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Chapter: Essential Clinical Immunology: Immunological Aspects of Immunodeficiency Diseases

Complex Immunodeficiencies Due to Miscellaneous Defects

Wiskott-Aldrich Syndrome, DNA Repair Defects Associated with Immunodeficiency.


Wiskott-Aldrich Syndrome

Patients with Wiskott-Aldrich syndrome typically develop eczema; purpura due to thrombocytopenia with small-sized, defec-tive platelets; and a variable immunode-ficiency. Antibody production to bacte-rial capsular polysaccharides is deficient. Patients therefore commonly develop recurrent sinopulmonary infections. T-cell and NK-cell function is deficient and progressive T lymphopenia develops with time. Hence, patients can develop opportu-nistic infections. Risk of malignancy (espe-cially leukemias or EBV-induced lympho-mas) is increased in these patients.


The defective gene, which is on the X chromosome, encodes for the Wiskott-Aldrich syndrome protein, which regu-lates actin polymerization, and therefore cytoskeletal change is required for normal platelet and lymphocyte function.

DNA Repair Defects Associated with Immunodeficiency



Ataxia telangiectasia (AT) is a condition characterized by cerebellar ataxia, oculo-cutaneous telangiectasia, growth retarda-tion, and a variable immunodeficiency. AT patients show increased sensitivity to ionized radiation and radiomimetic drugs. Increased susceptibility to leukemias and lymphomas is also a feature of this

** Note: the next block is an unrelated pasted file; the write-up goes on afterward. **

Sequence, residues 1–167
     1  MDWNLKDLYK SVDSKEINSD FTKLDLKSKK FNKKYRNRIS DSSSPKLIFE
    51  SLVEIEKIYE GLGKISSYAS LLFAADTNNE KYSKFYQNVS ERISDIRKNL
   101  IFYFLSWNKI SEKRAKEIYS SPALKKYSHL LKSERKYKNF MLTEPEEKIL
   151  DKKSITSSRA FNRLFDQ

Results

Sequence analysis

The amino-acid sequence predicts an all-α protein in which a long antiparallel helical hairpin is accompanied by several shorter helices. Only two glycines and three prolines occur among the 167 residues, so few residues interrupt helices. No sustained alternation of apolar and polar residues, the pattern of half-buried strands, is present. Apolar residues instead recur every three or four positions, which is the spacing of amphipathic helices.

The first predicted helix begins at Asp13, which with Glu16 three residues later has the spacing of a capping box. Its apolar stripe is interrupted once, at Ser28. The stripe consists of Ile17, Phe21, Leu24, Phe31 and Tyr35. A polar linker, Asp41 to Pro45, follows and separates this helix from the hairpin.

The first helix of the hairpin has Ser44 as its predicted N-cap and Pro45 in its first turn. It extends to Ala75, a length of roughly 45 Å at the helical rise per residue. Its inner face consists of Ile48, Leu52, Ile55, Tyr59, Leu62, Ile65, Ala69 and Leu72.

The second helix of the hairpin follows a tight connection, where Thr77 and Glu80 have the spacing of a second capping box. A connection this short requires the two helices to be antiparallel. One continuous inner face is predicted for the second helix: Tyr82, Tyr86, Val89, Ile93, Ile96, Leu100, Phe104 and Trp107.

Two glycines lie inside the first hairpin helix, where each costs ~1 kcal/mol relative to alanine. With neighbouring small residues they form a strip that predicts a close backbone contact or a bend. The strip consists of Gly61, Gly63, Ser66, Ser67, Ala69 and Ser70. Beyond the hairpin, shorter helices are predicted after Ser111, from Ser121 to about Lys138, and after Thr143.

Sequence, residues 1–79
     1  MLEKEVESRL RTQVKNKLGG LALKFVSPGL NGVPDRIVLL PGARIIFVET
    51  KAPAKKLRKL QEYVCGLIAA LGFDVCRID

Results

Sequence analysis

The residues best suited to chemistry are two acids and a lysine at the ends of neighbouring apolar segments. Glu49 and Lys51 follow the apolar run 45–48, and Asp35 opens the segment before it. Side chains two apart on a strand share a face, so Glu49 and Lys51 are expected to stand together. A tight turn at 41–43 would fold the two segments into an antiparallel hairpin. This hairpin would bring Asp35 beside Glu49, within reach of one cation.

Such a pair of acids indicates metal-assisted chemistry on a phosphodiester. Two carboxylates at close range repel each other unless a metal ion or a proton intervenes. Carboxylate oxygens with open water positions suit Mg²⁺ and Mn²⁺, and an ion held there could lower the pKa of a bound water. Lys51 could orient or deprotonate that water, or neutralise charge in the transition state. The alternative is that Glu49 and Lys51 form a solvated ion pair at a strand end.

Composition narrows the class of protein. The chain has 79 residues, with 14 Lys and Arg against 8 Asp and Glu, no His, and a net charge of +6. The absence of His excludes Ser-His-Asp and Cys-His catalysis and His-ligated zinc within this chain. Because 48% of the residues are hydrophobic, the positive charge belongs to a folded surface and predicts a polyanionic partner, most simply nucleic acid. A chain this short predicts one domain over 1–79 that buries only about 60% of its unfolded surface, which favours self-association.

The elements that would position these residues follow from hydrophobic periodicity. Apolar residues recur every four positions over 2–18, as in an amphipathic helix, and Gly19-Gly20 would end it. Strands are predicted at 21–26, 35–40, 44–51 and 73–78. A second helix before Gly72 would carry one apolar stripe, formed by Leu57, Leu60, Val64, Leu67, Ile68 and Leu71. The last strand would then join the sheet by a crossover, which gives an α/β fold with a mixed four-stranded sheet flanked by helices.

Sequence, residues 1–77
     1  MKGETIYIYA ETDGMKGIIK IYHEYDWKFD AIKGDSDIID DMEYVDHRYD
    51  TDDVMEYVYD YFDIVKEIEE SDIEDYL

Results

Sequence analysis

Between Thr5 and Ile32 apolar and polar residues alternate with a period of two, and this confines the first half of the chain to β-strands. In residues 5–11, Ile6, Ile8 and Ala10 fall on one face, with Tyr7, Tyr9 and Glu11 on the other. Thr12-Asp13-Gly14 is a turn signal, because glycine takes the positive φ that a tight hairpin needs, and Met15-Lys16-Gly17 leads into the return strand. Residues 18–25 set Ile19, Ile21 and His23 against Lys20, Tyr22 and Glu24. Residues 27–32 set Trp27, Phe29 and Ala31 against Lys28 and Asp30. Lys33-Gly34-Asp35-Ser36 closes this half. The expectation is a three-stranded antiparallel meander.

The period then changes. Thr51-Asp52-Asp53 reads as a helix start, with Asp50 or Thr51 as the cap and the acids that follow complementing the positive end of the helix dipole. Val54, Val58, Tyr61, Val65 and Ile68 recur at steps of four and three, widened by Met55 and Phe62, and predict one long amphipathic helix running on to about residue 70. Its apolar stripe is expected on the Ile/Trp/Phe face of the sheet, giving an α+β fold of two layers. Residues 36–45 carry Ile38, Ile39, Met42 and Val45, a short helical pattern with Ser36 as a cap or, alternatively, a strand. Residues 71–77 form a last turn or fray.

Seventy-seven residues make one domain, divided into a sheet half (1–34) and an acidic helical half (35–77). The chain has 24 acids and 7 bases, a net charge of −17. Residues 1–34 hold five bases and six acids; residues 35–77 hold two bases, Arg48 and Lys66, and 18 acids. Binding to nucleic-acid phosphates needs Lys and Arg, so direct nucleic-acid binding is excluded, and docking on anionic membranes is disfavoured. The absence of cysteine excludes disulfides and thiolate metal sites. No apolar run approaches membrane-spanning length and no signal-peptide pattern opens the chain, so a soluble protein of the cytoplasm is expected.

syndrome. Patients often fail to produce antibodies to bacterial capsular polysaccha-rides and therefore develop sinopulmonary infections. Chromosomal translocations, involving immunoglobulin heavy-chain and TCR loci, are often detected in the T cells of AT patients.


The function of the protein encoded by the affected gene (called ataxia telangiecta-sia mutated, or ATM) is to detect double-strand breaks in DNA, initiating their repair. Mutated ATM results in defective control of the cell cycle. This explains the radiation sen-sitivity, abnormal immune cell development and function, and the cytogenetic abnor-malities seen in AT.


Nijmegen breakage syndrome, which is phenotypically similar to AT, is due to a mutation of the NBS1 gene that encodes a protein that acts as a substrate for ATM. DNA-ligase I defect, which also results in defective DNA repair, manifests with growth retardation and immunodeficiency. The product of the MRE11A gene is another component of the DNA damage sensing machinery. Mutation of the MRE11A gene results in a condition similar to AT.

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Essential Clinical Immunology: Immunological Aspects of Immunodeficiency Diseases : Complex Immunodeficiencies Due to Miscellaneous Defects |

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